Accident and Emergency Medicine Academic Unit, The Chinese University of Hong Kong, Trauma & Emergency Centre, Prince of Wales Hospital, Shatin, New Territories, Hong Kong.

Background: The global travel and tourism industry has been rapidly expanding in the past decades. The traditional focus on border screening, and by airline and cruise industries may be inadequate due to the incubation period of an infectious disease. This case study highlights the potential role of the hotel industry in epidemic preparedness and response. Read More

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http://dx.doi.org/10.1186/s12992-018-0438-6DOI Listing
http://www.ncbi.nlm.nih.gov/pmc/articles/PMC6260697PMC
November 2018
1 Read

Ukrainian health care system and its chances for successful transition from Soviet legacies.

Global Health 2018 11 23;14(1):116. Epub 2018 Nov 23.

Academy of Labour, Social Relations and Tourism, 3A, Kiltseva Doroga, Kyiv, 03187, Ukraine.

Background: Ukraine, one of the largest states formed on the rubble of the Soviet Union, is widely perceived as a country that has lost its opportunities. Being devastated by corruption, it shows incapable to modernize and enter the economic path of sustainable growth. Similarly in the health care system no deeper reform efforts have been taken in the entire post-soviet period, leaving the system in bonds of ineffective solutions taken out of the Soviet era. Read More

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http://dx.doi.org/10.1186/s12992-018-0439-5DOI Listing
http://www.ncbi.nlm.nih.gov/pmc/articles/PMC6260664PMC
November 2018
7 Reads

Corporate political activity of major food companies in Thailand: an assessment and policy recommendations.

Global Health 2018 11 22;14(1):115. Epub 2018 Nov 22.

International Health Policy Program (IHPP), Ministry of Public Health, Tiwanon Road, Nonthaburi, 11000, Thailand.

Background: The food industry can influence individual and population level food consumption behaviours, shape public preferences and interfere with government policy on obesity prevention and NCDs. This paper identifies the Corporate Political Activity (CPA) of major food companies in Thailand which relate to obesity and NCDs.

Methods: Using the INFORMAS framework to classify CPA, we reviewed publicly available information by 12 food companies between August 2011 and July 2016 in order to identify, analyse and classify the CPA contents. Read More

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http://dx.doi.org/10.1186/s12992-018-0432-zDOI Listing
http://www.ncbi.nlm.nih.gov/pmc/articles/PMC6249932PMC
November 2018
10 Reads

Toward a global health approach: lessons from the HIV and Ebola epidemics.

Global Health 2018 11 22;14(1):114. Epub 2018 Nov 22.

Department of Infectious and Tropical Diseases & Inserm, UMR S 1136 and UPMC, University of Paris 6, St Antoine Hospital, APHP, IMEA Fondation Internationale Léon Mba, Paris, France.

Background: The imposing burden of non-communicable diseases, emerging infectious diseases, climate change, environmental consequences, migrations, urbanization, and other challenges, faced in a context that strives to make universal health coverage (UHC) a reality, compels global health professionals to ask: how do we construct a "global" roadmap that is both realistic and effective? To move forward and begin to answer this question, we draw on lessons and experiences gained during the "global" health crises triggered by the HIV and Ebola pandemics.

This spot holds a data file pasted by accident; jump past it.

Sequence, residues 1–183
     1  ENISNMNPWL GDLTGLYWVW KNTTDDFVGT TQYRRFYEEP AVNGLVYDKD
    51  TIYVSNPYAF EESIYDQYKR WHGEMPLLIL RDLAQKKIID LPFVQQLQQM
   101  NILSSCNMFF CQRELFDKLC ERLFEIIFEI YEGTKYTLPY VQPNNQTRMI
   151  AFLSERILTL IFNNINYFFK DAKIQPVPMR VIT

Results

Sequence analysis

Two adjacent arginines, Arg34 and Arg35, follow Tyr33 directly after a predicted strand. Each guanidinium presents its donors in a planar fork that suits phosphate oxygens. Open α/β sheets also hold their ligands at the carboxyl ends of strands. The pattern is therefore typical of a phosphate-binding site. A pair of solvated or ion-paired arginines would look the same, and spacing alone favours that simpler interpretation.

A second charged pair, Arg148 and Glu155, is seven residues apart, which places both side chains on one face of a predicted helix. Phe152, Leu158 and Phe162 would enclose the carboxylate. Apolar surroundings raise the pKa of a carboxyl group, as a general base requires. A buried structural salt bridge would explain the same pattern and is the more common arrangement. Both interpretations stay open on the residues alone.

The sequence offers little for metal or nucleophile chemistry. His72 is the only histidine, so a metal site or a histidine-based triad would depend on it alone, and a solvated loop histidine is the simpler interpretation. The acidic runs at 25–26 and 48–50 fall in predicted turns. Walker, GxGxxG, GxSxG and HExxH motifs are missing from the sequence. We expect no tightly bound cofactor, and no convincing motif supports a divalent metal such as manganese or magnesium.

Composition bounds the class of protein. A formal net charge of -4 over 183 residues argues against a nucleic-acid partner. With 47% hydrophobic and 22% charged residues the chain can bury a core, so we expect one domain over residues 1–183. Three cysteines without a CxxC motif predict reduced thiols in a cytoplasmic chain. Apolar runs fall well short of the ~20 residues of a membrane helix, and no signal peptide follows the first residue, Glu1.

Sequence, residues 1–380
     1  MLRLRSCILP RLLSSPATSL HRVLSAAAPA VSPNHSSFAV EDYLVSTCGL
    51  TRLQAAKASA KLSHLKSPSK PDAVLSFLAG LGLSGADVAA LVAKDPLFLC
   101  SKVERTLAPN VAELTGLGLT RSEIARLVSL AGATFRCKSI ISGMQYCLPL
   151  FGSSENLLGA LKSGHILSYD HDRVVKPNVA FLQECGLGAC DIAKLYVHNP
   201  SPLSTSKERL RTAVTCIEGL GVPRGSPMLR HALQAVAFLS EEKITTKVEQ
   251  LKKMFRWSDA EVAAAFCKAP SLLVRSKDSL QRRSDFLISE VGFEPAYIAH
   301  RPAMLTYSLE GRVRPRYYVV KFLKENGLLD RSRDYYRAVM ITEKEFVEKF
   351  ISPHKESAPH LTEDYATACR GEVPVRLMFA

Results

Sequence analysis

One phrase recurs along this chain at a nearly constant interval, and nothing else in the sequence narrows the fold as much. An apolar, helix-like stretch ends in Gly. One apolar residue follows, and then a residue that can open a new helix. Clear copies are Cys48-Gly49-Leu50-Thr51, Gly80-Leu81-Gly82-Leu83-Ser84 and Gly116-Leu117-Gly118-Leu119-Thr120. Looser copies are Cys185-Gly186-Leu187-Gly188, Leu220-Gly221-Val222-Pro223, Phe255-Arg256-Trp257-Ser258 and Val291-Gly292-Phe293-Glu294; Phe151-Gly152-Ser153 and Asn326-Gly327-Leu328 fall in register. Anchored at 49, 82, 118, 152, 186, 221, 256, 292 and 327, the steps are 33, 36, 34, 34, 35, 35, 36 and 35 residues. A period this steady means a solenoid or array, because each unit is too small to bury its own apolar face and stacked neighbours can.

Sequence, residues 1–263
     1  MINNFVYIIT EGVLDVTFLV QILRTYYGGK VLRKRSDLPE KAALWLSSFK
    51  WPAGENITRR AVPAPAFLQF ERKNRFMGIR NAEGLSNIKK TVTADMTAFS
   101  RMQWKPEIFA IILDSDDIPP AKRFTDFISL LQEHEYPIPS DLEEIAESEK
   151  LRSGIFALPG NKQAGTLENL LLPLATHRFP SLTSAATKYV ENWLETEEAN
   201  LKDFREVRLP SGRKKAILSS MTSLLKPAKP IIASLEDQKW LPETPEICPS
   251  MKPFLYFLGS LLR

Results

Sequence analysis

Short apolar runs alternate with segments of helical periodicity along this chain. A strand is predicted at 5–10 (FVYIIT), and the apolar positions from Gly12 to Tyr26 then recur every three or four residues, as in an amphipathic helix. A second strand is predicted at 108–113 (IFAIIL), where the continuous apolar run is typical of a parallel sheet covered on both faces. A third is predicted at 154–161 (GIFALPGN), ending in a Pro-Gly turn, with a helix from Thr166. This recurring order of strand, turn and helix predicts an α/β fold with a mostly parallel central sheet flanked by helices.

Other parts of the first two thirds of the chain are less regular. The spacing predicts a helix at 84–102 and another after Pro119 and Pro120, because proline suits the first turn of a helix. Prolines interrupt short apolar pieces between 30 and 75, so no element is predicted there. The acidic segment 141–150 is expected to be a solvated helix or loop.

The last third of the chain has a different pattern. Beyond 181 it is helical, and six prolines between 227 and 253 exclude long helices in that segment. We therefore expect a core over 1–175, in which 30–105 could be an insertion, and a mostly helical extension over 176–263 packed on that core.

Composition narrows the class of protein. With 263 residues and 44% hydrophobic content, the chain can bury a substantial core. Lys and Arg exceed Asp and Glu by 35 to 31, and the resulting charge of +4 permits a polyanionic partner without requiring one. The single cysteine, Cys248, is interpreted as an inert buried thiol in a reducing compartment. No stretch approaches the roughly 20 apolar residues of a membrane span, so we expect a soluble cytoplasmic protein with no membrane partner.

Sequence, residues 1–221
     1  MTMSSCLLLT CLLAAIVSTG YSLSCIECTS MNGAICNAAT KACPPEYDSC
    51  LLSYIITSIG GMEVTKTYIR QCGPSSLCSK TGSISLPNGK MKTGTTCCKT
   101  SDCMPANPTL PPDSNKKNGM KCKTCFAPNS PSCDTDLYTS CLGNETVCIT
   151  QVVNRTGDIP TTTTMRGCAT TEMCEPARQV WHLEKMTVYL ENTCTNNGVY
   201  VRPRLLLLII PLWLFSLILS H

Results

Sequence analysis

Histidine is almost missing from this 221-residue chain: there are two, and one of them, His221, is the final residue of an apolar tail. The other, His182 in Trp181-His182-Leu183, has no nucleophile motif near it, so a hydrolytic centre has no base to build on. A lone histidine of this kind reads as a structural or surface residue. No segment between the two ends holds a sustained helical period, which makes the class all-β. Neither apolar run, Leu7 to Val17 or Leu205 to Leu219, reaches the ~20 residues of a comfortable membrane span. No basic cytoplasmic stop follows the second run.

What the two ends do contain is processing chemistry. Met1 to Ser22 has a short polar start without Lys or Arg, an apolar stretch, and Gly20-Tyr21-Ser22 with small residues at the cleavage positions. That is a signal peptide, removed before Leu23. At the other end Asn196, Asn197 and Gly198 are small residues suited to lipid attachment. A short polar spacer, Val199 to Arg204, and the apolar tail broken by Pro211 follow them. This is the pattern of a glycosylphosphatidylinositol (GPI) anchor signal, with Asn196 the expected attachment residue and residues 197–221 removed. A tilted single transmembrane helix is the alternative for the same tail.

Main Text: Improving the early response and committing to the long haul; developing inter-disciplinary and inter-sectoral responses; designing comprehensive and versatile interventions; and, most importantly, to work closely and effectively with civil society and communities are some of the critical elements that were identified. The health sector has changed dramatically in recent years; new tools and innovative technologies are transforming the culture and practice of public health. Read More

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http://dx.doi.org/10.1186/s12992-018-0435-9DOI Listing
http://www.ncbi.nlm.nih.gov/pmc/articles/PMC6249820PMC
November 2018
7 Reads
2.250 Impact Factor

Health care expenditure and health outcome nexus: new evidence from the SAARC-ASEAN region.

Global Health 2018 11 22;14(1):113. Epub 2018 Nov 22.

Faculty of Medicine, University of Queensland, Brisbane, Australia.

Background: The total health expenditure (as a percentage of GDP) and health outcomes in the region of South Asian Association for Regional Cooperation (SAARC) and Association for South East Asian Nations (ASEAN) are lower than that of the OECD region and the world. This study investigated the relationship between different types of healthcare expenditures (public, private and total) and three main health status outcomes - life expectancy at birth, crude death rate and infant mortality rate - in the region.

Methodology: Using the World Bank data set for 15 countries over a 20-year period (1995-2014), a panel data analysis was conducted where relevant fixed and random effect models were estimated to determine the effects of healthcare expenditure on health outcomes. Read More

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http://dx.doi.org/10.1186/s12992-018-0430-1DOI Listing
http://www.ncbi.nlm.nih.gov/pmc/articles/PMC6249744PMC
November 2018
1 Read

"We think globally": the rise of Paraguay's Tabacalera del Este as a threat to global tobacco control.

Global Health 2018 11 19;14(1):110. Epub 2018 Nov 19.